But merely losing the war wasn’t enough for the rebels. They had to embark upon a path of self-destruction for the next one and one-half centuries though it most frequently assumed the form of treating the black Americans in their midst as less than human. Jim Crow laws, the Ku Klux Klan, denial of voting rights, and various other tools of the racist trade were implemented, overt and subtle, to carry out this War of Southern Aggression on A Race Deemed Inferior.

All too often, just as they had rallied under the Confederate flag in battles led by Robert E. Lee, they also rallied under that same flag in battles led by hate and discrimination and rapacious desire.

What may arguably have once been a banner of morale easily morphed into a banner of immoral behavior.But that banner would have no meaning whatsoever were it not birthed in treason.

(As an aside, what we think of as the Confederate flag was never formlly adopted by the Confederacy, though one design that was adopted had that stars and bars design in the upper left corner with the field of the flag being white. Its designer, William T. Thompson, described this as a “white man’s flag”, with the white field representing the superiority of the white race.)

Oddly the Confederate flag now on the capital grounds in Columbia, previously over the Capitol itself, did not appear there until 1962, coincidentally in the midst of the Civil Rights Movement. It’s argued in some quarters that this was done in direct defiance of the federal governemnt’s efforts to enforce existing law and court rulings that favored blacks and opposed discrimination. Treason Light, if you will.

It is clear that this flag is a symbol of racist hate. Those who fly or display it may be ignorant of its true meaning but the old saying is that “ignorance of the law is no excuse”. Neither is ignorance of racist meaning…most particularly when that racist meaning has been brought to your attention for years.

This symbol was born in treason and spawned the illegitimate offspring of racism and hate. After several generations its appallingly repugnant prodigious progeny must be eliminated.






With apologies to Alfred Lord Tennyson…though admittedly not vey sincere apologies.

Half a mile Half a mile
Half a mile onward
All in the Valley of Iowa
Rode the six Hundred
“Forward the candidates
Charge for the votes”
Into the valley of Iowa
Rode the six hundred

“Forward the candidates”
Was man or woman dismayed?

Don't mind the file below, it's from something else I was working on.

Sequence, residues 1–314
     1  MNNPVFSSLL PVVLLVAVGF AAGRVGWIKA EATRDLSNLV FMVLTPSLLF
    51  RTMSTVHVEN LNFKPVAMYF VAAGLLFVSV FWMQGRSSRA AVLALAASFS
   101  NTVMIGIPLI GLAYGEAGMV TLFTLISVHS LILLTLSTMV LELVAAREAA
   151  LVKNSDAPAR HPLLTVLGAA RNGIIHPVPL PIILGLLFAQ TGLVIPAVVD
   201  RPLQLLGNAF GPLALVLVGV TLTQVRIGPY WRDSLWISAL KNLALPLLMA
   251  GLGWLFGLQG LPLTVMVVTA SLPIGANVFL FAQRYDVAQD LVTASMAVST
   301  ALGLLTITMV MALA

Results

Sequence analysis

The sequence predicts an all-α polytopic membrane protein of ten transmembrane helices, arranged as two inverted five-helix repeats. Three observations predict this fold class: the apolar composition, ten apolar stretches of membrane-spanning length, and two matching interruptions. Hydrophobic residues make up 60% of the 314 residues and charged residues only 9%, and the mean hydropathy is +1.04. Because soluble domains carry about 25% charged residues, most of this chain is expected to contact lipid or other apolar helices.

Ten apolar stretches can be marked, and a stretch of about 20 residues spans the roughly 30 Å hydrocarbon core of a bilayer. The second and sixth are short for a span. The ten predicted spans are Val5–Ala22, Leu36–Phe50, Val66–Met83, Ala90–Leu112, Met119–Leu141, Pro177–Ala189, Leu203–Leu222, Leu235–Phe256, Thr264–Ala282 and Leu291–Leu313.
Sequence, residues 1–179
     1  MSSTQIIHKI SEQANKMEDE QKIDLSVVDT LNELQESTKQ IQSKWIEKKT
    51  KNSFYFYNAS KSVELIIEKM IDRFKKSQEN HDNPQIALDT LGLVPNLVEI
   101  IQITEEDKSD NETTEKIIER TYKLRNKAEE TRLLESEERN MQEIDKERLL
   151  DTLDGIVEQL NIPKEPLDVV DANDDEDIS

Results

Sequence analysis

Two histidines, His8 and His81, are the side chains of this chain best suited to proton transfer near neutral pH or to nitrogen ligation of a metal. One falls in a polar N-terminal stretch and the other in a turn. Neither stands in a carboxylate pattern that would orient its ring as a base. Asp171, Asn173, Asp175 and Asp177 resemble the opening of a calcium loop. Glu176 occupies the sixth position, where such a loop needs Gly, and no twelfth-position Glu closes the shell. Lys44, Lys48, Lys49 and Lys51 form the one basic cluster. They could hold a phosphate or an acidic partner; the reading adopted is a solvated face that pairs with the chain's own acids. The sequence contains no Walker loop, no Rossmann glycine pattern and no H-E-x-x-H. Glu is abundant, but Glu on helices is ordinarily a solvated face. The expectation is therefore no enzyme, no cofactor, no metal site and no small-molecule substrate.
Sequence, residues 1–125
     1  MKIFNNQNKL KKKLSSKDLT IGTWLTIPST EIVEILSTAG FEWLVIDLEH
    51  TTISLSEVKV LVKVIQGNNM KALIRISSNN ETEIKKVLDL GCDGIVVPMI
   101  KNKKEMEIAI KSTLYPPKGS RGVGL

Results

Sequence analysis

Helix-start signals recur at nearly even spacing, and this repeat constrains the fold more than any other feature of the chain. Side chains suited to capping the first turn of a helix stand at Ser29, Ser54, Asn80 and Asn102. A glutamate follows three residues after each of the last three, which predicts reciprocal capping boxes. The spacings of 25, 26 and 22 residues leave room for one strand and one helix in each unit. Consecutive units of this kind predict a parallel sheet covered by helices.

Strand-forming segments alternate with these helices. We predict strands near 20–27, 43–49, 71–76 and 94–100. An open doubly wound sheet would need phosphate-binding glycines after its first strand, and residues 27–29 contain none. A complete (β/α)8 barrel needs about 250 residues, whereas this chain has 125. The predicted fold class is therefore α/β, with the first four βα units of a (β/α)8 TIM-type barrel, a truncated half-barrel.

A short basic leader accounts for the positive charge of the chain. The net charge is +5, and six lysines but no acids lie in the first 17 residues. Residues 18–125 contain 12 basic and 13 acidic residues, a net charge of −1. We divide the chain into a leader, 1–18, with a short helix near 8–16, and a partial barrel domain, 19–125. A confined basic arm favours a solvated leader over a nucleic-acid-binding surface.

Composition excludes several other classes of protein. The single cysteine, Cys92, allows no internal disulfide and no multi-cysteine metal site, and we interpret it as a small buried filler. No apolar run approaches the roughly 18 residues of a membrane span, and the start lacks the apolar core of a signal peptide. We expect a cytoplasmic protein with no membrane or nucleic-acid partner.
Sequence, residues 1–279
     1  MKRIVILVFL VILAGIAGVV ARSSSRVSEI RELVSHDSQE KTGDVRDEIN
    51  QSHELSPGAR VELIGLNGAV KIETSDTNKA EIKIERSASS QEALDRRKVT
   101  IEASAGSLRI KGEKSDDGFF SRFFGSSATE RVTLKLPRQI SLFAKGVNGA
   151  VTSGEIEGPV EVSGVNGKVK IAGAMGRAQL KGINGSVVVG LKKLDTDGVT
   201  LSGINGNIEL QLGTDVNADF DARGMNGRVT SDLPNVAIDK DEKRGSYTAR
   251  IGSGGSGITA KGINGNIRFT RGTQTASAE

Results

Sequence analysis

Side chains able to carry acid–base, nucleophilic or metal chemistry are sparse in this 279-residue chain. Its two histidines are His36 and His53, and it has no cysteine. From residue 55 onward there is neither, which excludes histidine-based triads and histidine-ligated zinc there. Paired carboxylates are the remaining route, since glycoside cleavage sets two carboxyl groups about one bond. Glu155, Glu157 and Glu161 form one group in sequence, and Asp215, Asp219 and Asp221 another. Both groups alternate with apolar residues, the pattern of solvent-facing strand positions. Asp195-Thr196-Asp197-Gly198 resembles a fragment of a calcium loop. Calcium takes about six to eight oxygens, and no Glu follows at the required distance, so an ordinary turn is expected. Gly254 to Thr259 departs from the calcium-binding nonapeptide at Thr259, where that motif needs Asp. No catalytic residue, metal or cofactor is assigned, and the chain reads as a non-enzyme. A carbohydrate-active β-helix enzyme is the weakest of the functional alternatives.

Not though the candidate knew
They all had blundered
Theirs not to reason why
Climate change to deny
Theirs but to lie and lie
Into the Valley of Iowa
Rode the six hundred.

Reporters to right of them
Reporters to left of them
Reporters in front of them
Volleyed and thundered
Stormed at with “why the hell
Can’t you treat the poor well
Condemning them to death
While you are rich as hell?”
Rode the six hundred.

Flashed all their white teeth bare
“Repeal Obamacare”
Claiming the world ain’t fair
All the world wondered
Why are you blowing smoke
Your platform is a joke
Doctor and Mogul
Sold us a pig in a poke
All rotted and rendered
Then they rode back but not
Not the six hundred

Now reporters to right of them
Polls to left of them
Voters in front of them
Volleyed and thundered
Stormed at with “what the hell!
We’re glad your egos fell”
Your ideas we quell
That came through the Valley of Iowa
Tell you go to hell
All that was left of them
Left of six hundred

When can their nionsense fade
O’ the wild charges they made
All the world wondered
Condemn the charge they made
Condemn this odd brigade
Ignoble six hundred.



A cult following is a group of fans who are highly dedicated to a specific area of culture. A film, book, musical artist, television series or video game, among other things, will be said to have a cult following when it has a small but very passionate fanbase.

One of the most famous of cult movies is Rocky Horror Picture Show which depicts a group of selfie posting mountain climbers caught in an avalanche.

Pulp Fiction is a compilation of tales about practical uses for the innards of oranges, none of which actually work.

Our televison sets have been the receptors of many such shows that became cult classics such as The Ernie Kovacs Show  which surprisingly had no one named Ernie or Kovacs associated with it.

Recently we have witnessed a spate of final episodes of TV cult classics.

Mad Men was concerned with the creation of a satirical magazine in the 1950’s, while Breaking Bad  was a documentary series about the members of an orthopedic physicians’ practice in Ottumwa, Iowa.

The Sopranos had as its theme a female a capella chorus assuming management of a strip club in New Jersey.

The Colbert Report had as its host Bill O’Reilly’s lesser known brother who had a knack for emulating his brothers declarations word for word but somehow they sounded funnier.

The Late Late Show with Craig Ferguson starred a Scotsman who took the job away from a white American male. But as soon as Ferguson became a U.S. citizen himself his job was outsourced to Indonesia where a group of pre-teens split the 75 cent hourly salary. But hey! At least dark skinned people and females are being utilized.

Of somewhat older vintage the final episode of the Jerry Seinfeld Show caused critics to long wishfully for the snow globe sensibilities of St. Elsewhere.

On Cheers, where the only name everbody knew was “Norm!”, the lights went dark as Sam Malone was revealing to Diane Sawyer that he was now, offically, Samantha Malone.

Alas, one such cult series will probably not be accorded a final episode to celebrate the ones preceeding it.